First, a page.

King Solomon in History and Myth

Originally Published in 1987

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The career of Solomon, King of Israel, is known primarily through biblical references and traditions. The historical reality behind specific elements reported in these sources, however, varies greatly. Take Solomon’s most famous characteristic, his wisdom. In the Old Testament, Solomon is described as a man to whom God gave “wisdom and understanding beyond measure” (1 Kings 4:29). He is credited with 3,000 proverbs and 1,005 songs (1 Kings 4:32; Proverbs 1:1). It is said that “Solomon’s wisdom surpassed the wisdom of all the people of the east and all the wisdom of Egypt” (1 Kings 4:30)/ His fame reached far and distant lands, and the Queen of Sheba came to Jerusalem to “test him with hard questions” (1 Kings 10:1). She concluded her trial of Solomon by telling him, “Your wisdom and prosperity surpass the report which I heard” (1 Kings 10:6).

Stylized depiction of King Solomon visiting Sheba in an airplane, a radio on the ground next to Sheba.
“Solomon visiting Sheba,” 20th century style. This cartoon by George Sprod appears in the memoirs of Sir Leonard Woolley (As I Seem to Remember, Allen and Unwin Ltd., London, 1962). It was apparently inspired by Woolley’s conversation with Kurdish tribesmen, who asked how Solomon communicated with Sehba “if he didn’t have writing, and how did he visit her if he didn’t have aeroplanes?”

Most of this description must now be considered as part of the Solomonic myth. Biblical scholars no longer hold Solomon to be the author of either the Songs of Solomon (also known as the Song of Songs) or of the Book of Proverbs. Nor is he the author of the Wisdom of Solomon (the Liber sapientiae in the Latin Vulgate edition of the Bible), a Hellenistic Greek work written more than five centuries after Solomon’s death. The Queen of Sheba still eludes us as a his­torical figure; her kingdom, how­ever, has been located in south Arabia (modern Yemen), an area that is only now being investigated by systematic archaeological re­search (see Blakely and Sauer 1985).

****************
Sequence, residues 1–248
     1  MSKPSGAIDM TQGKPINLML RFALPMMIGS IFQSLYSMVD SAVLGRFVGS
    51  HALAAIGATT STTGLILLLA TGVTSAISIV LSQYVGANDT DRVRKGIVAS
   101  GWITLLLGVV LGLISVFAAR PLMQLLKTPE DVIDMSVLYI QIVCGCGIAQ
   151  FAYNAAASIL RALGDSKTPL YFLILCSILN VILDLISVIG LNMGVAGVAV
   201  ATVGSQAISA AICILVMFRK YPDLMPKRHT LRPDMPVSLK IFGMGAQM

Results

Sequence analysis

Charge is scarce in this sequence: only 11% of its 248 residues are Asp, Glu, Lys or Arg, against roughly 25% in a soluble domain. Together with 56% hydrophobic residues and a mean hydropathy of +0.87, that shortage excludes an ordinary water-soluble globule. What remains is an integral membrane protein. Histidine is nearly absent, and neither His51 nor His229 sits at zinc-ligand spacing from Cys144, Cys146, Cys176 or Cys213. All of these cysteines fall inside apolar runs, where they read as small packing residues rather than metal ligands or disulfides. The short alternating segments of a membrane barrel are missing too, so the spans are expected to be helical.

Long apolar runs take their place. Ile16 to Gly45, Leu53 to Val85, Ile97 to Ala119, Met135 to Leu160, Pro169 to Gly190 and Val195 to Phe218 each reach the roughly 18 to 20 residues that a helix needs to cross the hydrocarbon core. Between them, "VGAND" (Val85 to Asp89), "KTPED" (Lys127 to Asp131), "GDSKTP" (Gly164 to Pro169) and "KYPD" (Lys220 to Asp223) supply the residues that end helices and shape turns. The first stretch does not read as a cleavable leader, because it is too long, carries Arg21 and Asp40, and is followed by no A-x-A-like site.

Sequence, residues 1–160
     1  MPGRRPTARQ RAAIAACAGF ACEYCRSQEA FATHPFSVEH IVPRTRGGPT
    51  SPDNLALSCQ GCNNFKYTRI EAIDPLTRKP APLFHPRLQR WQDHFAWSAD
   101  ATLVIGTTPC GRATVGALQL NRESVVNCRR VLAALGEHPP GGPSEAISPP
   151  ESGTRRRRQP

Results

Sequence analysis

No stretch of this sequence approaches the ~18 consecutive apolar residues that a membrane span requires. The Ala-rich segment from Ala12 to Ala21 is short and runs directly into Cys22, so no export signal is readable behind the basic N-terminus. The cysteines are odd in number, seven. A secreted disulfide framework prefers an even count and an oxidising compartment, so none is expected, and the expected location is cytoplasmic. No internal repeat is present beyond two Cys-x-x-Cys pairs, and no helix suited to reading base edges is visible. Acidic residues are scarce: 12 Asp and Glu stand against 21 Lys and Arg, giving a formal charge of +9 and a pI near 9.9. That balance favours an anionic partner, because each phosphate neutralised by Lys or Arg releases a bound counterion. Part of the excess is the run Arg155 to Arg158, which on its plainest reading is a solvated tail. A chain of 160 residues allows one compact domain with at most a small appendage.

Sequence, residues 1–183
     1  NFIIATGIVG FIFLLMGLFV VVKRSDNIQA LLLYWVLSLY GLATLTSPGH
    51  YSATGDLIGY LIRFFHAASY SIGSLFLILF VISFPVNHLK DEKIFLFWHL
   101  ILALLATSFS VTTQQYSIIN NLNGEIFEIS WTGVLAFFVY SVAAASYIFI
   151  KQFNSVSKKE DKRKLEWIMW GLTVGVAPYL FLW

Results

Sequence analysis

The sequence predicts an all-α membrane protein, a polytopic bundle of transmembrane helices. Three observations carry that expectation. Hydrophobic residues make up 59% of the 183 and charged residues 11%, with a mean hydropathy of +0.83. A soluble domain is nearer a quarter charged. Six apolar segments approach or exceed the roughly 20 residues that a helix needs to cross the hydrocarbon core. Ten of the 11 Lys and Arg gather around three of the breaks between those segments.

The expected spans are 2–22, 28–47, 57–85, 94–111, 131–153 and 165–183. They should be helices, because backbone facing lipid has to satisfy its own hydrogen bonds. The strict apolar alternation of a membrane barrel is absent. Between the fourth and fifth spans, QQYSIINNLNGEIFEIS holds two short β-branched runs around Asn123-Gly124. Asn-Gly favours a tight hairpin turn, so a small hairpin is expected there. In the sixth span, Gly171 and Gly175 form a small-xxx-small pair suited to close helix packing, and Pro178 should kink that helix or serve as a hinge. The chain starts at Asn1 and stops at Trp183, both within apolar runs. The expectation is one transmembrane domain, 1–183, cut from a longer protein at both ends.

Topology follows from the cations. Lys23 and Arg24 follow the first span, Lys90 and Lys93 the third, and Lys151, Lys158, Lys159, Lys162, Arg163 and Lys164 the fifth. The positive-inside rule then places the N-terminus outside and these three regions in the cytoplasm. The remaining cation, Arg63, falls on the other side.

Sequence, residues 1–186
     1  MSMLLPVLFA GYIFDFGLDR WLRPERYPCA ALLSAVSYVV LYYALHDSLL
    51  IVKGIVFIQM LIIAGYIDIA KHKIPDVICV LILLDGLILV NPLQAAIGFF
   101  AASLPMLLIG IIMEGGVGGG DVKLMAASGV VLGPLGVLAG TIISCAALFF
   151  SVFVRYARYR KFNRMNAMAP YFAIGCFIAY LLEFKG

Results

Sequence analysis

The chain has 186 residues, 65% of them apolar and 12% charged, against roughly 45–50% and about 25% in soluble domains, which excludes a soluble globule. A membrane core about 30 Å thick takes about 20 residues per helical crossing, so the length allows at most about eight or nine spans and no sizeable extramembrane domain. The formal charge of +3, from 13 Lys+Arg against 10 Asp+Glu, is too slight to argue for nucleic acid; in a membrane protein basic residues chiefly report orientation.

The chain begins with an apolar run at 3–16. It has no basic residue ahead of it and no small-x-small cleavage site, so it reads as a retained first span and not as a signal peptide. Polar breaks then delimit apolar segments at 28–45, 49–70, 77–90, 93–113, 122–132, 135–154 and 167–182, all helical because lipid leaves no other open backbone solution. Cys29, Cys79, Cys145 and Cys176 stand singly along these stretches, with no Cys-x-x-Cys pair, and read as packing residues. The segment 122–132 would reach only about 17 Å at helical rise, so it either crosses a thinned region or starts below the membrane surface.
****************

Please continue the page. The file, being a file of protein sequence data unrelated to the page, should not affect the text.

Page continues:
Other parts of the biblical account pose historical problems, but they do seem to depict faith­fully the international world of Solomon’s time, the mid-10th cen­tury B.C. We are told that the prosperity of his kingdom came from Solomon’s activities as a mer­chant prince. The archaeological and historical background for the Tarshish fleet presents the most intractable problems. According to the traditional account, this fleet sailed from Ezion-geber (in the Gulf of Aqabah), bound for Ophir (presumably located on the east coast of Africa in what is now Somalia). The fleet returned with a cargo of gold, silver, ivory, sandalwood, monkeys, and peacocks (1 Kings 10:11, 22). It is difficult to find any archaeological or historical evidence that would corroborate the existence of this trade. The term “Tarshish” has never been satisfactorily explained. We are not certain about the location of Ophir, and even the proper identification of the products brought from Ophir presents serious problems in translation from the Hebrew. Finally, the general nature of the trade as described in the Bible does not fit with what we know generally about international economic relationships in the 10th century B.C.

Cite This Article

"King Solomon in History and Myth." Expedition Magazine 29, no. 2 (July, 1987): -. Accessed April 18, 2024. https://www.penn.museum/sites/expedition/king-solomon-in-history-and-myth/


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